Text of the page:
Oil in river costs food firm £10,000

A food group has been ordered to pay more than £10,000 for polluting a Norfolk watercourse.

A food group has been ordered to pay more than £10,000 for polluting a Norfolk watercourse.

Sovereign Food Group was fined £8,000 and told to pay costs of £2,039 by magistrates in King's Lynn after oil from a yard belonging to the company in Attleborough ended up in a nearby stream.

There had been two previous incidents involving pollution of the same watercourse by the company in the past, the court heard.

Magistrates were told that an Environment Agency officer was working in Station Road, Attleborough, on January 16 when he noticed oil on the surface of a nearby watercourse.

He traced it to a site occupied by Grampian Convenience Foods, parent company of Sovereign Foods, where he discovered the surface water drains were contaminated with oil and were feeding into a nearby stream.

An Environment Agency spokesman said that company bosses could not explain why there was oil in their drains and said they had not received any reports from their staff about oil spills. They suggested other sources of the oil in the water but none of these were the cause, he said.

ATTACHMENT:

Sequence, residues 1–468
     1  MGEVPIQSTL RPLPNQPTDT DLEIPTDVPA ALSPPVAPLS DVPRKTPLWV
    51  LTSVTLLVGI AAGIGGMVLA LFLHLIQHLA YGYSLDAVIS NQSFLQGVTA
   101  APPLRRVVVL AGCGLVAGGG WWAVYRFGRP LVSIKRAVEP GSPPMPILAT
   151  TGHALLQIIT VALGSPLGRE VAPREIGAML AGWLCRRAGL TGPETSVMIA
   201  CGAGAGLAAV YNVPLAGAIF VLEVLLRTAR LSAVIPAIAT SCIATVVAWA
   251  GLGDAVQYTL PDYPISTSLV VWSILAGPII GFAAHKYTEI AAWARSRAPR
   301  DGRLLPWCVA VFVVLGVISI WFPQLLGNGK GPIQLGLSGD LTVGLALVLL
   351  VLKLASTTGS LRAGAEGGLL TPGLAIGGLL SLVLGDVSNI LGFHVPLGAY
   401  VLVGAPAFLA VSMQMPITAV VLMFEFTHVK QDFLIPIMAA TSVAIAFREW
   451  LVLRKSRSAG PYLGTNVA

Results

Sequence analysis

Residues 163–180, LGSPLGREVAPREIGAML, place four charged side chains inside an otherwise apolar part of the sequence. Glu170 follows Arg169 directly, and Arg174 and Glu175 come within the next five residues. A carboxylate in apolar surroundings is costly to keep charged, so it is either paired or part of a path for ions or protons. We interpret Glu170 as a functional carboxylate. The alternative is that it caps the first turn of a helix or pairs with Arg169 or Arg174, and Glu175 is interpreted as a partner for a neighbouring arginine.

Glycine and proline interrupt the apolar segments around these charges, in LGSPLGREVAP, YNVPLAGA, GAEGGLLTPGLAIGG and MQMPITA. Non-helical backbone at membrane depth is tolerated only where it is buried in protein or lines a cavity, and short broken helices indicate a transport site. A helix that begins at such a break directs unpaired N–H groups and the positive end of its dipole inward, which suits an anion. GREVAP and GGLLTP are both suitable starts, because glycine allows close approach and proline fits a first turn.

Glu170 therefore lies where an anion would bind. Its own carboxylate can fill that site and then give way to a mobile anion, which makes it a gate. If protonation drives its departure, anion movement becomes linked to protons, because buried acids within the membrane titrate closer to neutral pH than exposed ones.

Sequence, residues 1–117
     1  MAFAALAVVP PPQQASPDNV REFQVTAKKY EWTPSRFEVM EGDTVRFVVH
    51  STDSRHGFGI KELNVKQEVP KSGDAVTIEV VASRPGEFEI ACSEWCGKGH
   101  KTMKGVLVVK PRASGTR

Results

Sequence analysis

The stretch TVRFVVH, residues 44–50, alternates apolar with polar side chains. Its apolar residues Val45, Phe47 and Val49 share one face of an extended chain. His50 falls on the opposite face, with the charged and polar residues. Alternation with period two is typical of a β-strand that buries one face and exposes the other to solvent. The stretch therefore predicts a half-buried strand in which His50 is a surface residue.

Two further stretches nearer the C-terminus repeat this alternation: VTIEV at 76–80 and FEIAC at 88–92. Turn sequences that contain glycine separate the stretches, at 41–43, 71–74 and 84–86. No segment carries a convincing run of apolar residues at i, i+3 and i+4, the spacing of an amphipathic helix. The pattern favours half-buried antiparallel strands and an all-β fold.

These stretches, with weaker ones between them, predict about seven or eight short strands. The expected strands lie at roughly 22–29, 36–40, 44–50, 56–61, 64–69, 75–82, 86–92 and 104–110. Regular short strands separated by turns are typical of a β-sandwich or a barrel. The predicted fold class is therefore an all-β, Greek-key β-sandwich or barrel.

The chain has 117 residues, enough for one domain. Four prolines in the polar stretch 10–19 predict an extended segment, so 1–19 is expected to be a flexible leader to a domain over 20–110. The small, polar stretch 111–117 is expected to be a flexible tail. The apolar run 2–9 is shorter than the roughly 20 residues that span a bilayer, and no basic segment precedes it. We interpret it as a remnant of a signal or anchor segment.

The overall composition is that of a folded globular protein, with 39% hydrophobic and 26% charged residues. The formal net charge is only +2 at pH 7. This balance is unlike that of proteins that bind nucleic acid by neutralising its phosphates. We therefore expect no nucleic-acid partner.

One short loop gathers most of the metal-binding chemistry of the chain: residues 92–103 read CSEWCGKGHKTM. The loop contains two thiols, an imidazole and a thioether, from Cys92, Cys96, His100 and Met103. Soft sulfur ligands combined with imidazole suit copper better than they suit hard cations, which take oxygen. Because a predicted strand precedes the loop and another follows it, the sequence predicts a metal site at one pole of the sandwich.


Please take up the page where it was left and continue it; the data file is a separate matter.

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Magistrates heard that the site did not have adequate protection to its drainage system and, had there been an oil interceptor in place, the incident would not have happened.

Sovereign Foods pleaded guilty to causing poisonous, noxious or polluting matter to enter controlled waters, namely a tributary of the River Thet, and Old Buckenham Road, Attleborough.

After the hearing on Thursday, Euan Simpson, investigating Environment Agency officer, said: “Following a prosecution in May 2006 for pollution of the same watercourse, it is extremely disappointing that the company was again unable to adequately protect the local environment from its activities. The level of fine reflects the serious and repeated nature of this incident.

He added: “We urge companies to correctly store oils, chemicals and other fluids and have staff trained to deal with incidents such as this. They should know where their drains flow to and have adequate protection measures on their drainage systems.”

No comment was available from the company yesterday.

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